Thursday, March 7, 2013

Considering Koos

When we mix fabrics together, we can call that color blocking or print blocking or patchwork or collage and even though the terms have vastly different connotations and varying degrees of sophistication and success, they all mean using more than one fabric. Koos van den Akker is an expert at using more than one fabric.

This book about his work - Koos Couture Collage: Inspiration & Techniques - was published in 2002 and most likely that's when I bought it since it's been on my shelf for years. I love the vibrancy,  freedom, and detail of his work but I've always thought it had too much of a wearing my quilt overtone until...

... I saw this coat in Marcy and Katherine's talk at Sew Expo. It had flow and drape and was not at all quilt-like which made me curious about his other patterns and what they'd be like toned down. I knew it could be done successfully because of the coat Shams sewed in the fall of 2010. GORGEOUS.

The skirt - Vogue 2971 - was also in the fashion show. What I loved about it was...

... the tuck at the back. It has attitude. In this posting on Koos' site, you can see the version I saw. It's priced at $1,800.00. Here's...

... another version from his website. What a gorgeous mix of patterns and textures and obviously made in size very small so I went to to see if there were other versions closer to my size.

This one is by arianamaniacs. I love the visual texture and movement in the fabrics chosen. There's enough interest without too much to overwhelm the design lines and this version...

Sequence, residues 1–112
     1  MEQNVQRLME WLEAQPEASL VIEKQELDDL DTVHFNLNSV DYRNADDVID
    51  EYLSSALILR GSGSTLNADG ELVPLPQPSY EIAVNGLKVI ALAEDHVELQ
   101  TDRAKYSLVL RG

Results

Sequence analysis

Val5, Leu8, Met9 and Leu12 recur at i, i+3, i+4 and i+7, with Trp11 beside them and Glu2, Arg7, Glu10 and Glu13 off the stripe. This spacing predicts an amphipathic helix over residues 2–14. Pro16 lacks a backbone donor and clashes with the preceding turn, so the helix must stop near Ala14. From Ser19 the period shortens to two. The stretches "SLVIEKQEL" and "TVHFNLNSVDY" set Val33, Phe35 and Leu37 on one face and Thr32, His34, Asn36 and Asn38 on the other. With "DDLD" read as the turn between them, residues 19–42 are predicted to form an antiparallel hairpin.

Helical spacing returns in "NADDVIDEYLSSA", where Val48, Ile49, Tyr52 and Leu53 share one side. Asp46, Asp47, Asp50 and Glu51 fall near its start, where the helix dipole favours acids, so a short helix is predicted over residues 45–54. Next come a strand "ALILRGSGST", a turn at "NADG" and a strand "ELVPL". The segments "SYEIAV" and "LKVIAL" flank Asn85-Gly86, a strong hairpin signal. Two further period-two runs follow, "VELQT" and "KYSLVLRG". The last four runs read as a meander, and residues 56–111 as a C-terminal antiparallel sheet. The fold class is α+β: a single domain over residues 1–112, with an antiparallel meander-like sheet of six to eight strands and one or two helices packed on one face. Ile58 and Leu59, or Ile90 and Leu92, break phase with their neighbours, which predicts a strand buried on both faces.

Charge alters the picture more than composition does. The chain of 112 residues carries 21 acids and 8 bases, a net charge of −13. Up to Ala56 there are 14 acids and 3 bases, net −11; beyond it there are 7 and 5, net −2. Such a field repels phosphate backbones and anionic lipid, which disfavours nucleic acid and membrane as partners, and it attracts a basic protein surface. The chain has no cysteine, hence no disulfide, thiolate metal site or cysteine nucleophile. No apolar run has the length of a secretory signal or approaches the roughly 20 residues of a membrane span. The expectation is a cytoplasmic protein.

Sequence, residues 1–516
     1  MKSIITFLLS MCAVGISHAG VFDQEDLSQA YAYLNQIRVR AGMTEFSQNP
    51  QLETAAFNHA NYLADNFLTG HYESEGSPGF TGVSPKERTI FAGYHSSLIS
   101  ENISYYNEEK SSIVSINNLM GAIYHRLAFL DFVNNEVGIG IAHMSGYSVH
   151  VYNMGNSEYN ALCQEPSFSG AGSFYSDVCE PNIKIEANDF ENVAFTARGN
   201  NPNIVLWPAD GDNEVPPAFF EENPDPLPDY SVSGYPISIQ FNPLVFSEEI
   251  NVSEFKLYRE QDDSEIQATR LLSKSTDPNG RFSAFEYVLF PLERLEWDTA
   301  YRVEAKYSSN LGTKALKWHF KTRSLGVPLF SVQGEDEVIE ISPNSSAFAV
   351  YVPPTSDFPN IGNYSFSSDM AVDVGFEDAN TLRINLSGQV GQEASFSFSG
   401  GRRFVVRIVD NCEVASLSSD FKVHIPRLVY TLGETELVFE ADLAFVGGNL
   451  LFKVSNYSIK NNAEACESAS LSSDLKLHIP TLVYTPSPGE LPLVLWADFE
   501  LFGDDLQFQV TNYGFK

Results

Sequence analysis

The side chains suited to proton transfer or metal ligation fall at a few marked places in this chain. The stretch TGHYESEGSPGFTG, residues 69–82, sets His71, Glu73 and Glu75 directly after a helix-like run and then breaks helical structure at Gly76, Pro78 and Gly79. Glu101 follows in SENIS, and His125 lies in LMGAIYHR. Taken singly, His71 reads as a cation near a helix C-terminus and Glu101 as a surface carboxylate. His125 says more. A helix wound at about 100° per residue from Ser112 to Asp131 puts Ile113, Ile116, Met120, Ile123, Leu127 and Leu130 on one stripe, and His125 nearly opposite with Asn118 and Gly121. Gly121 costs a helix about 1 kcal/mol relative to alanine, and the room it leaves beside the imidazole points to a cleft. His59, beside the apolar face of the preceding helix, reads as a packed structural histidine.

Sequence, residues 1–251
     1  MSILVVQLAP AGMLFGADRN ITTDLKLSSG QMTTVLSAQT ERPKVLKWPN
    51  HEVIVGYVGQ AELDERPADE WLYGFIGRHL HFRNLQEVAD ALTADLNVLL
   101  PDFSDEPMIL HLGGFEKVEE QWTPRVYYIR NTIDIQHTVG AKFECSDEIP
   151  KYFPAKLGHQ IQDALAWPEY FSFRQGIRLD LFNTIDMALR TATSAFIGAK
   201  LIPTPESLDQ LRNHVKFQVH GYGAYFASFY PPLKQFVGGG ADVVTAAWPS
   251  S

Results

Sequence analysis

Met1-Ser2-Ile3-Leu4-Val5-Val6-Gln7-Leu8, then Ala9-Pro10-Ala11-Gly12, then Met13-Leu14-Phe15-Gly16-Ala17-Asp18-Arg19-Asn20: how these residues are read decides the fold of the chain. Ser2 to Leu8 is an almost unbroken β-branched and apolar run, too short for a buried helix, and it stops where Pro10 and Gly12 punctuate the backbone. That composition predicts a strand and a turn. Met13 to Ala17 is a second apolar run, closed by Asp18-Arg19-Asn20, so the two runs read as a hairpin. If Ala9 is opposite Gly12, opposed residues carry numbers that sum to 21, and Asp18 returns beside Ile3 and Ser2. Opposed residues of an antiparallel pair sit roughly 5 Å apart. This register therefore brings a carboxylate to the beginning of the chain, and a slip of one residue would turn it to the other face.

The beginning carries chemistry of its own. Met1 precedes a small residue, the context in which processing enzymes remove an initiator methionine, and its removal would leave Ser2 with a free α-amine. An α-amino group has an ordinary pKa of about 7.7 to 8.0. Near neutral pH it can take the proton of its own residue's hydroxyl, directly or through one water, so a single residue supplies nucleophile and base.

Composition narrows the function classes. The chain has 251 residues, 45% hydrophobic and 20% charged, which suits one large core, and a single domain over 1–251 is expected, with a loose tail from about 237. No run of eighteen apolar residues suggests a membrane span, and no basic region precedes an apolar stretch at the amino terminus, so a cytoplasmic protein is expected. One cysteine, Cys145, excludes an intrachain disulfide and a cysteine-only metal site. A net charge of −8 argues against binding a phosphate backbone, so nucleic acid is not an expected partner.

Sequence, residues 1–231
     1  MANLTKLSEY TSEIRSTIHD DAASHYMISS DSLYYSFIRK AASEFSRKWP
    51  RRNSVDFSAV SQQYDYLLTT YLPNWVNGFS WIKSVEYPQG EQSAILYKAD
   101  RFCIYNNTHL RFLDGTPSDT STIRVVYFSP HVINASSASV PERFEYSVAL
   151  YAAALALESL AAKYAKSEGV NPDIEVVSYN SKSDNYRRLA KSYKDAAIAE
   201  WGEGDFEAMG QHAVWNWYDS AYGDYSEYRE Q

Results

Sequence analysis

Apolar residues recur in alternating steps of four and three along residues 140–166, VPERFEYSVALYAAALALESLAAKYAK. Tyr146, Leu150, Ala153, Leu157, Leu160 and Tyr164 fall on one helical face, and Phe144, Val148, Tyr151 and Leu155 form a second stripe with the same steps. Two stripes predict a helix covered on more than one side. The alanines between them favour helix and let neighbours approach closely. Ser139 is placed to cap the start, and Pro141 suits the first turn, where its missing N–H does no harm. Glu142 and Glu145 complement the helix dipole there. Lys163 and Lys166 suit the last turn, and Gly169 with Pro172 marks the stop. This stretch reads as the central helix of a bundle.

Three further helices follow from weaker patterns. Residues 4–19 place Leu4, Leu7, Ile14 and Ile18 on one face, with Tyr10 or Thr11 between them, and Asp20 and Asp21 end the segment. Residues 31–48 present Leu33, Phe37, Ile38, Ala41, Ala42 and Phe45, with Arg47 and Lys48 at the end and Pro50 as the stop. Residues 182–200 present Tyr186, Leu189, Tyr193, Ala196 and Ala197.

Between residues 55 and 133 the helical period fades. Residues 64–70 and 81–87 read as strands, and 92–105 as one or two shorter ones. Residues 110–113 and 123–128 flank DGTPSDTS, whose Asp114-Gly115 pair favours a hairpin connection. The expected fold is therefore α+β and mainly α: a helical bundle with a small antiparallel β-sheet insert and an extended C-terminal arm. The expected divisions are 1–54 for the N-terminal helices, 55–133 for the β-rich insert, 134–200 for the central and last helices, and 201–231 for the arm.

... by sarahinlafayette successfully uses a stripe. She placed the tuck at the back much lower. Before I played with that pattern, I wanted to try a version of Vogue 1244 below. I'm curious about patterns that are made of many bits because I see that as a way to explore surface design. Since the fabrics will get cut up and re-stitched together any less than stellar results will be less obvious. It seems like a great way to facilitate the learning curve.

With this pattern, I'd need to play with gauze. The fabrics suggested are Georgette, Batiste, or Charmeuse meaning very light-weight and it definitely means it. There is a tremendous amount of fabric and the sizes differ by only 1" front and back. As drafted, the size 14 was almost 80" around at the waist which is then gathered with elastic to whatever size you are. That's a lot of gathering and I am definitely not normally a size fourteen through the hips.

I used a very lightweight polyester and look how bulky it is ! ! ! and this is AFTER altering the size of the upper rectangles and reducing the width of the strips by cutting off the seam allowances and sewing with an edge of the presser foot seam allowance. Still a lot. Once the elastic was in, I couldn't stretch it to the full width of the casing to distribute the gathers evenly.